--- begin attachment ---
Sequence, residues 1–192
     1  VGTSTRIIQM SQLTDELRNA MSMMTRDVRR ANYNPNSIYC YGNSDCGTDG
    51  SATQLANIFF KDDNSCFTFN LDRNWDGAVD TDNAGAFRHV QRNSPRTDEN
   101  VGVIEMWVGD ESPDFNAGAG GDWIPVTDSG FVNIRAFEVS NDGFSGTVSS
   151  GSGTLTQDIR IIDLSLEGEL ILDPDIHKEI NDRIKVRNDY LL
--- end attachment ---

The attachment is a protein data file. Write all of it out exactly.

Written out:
Sequence, residues 1–192
     1  VGTSTRIIQM SQLTDELRNA MSMMTRDVRR ANYNPNSIYC YGNSDCGTDG
    51  SATQLANIFF KDDNSCFTFN LDRNWDGAVD TDNAGAFRHV QRNSPRTDEN
   101  VGVIEMWVGD ESPDFNAGAG GDWIPVTDSG FVNIRAFEVS NDGFSGTVSS
   151  GSGTLTQDIR IIDLSLEGEL ILDPDIHKEI NDRIKVRNDY LL